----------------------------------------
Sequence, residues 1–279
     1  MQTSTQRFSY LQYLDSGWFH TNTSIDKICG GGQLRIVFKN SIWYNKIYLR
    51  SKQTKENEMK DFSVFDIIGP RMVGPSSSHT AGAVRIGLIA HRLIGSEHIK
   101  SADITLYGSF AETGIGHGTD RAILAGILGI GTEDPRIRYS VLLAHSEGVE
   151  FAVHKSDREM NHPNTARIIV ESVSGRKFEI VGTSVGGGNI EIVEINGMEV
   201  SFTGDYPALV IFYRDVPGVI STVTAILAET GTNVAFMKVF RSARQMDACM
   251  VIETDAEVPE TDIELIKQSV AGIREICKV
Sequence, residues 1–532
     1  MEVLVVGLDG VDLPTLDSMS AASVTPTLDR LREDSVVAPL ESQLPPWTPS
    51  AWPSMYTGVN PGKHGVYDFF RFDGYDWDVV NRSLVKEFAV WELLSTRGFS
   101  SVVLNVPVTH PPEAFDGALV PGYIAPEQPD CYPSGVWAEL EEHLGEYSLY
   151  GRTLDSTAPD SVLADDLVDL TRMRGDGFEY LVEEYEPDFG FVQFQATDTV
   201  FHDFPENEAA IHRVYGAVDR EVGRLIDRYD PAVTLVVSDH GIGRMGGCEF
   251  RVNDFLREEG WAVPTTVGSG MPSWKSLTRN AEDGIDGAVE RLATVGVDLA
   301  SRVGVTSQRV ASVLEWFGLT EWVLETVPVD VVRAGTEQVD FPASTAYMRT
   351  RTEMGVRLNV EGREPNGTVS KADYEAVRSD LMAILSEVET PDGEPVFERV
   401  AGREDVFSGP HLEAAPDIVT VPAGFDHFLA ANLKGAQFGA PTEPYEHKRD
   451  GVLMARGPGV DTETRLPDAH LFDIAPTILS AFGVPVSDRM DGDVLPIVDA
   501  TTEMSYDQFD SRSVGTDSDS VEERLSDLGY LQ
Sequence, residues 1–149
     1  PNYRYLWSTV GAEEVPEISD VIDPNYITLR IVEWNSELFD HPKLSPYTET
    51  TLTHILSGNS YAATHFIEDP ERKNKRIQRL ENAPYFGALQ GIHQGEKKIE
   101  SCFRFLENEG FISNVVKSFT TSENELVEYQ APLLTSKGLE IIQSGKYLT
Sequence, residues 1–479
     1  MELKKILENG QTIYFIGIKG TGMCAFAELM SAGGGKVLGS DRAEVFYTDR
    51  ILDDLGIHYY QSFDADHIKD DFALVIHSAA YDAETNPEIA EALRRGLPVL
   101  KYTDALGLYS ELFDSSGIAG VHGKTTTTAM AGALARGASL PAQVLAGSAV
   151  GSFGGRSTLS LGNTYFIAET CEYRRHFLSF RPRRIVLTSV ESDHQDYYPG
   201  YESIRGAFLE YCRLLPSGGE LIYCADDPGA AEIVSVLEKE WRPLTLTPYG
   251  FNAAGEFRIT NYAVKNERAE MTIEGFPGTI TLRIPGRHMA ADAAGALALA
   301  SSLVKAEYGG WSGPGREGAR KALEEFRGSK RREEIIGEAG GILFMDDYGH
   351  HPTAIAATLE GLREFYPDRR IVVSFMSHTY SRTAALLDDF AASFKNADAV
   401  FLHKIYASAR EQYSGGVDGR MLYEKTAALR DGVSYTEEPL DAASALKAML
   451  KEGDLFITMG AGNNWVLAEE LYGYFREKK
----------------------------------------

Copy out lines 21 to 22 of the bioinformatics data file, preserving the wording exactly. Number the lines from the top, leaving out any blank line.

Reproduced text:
     1  PNYRYLWSTV GAEEVPEISD VIDPNYITLR IVEWNSELFD HPKLSPYTET
    51  TLTHILSGNS YAATHFIEDP ERKNKRIQRL ENAPYFGALQ GIHQGEKKIE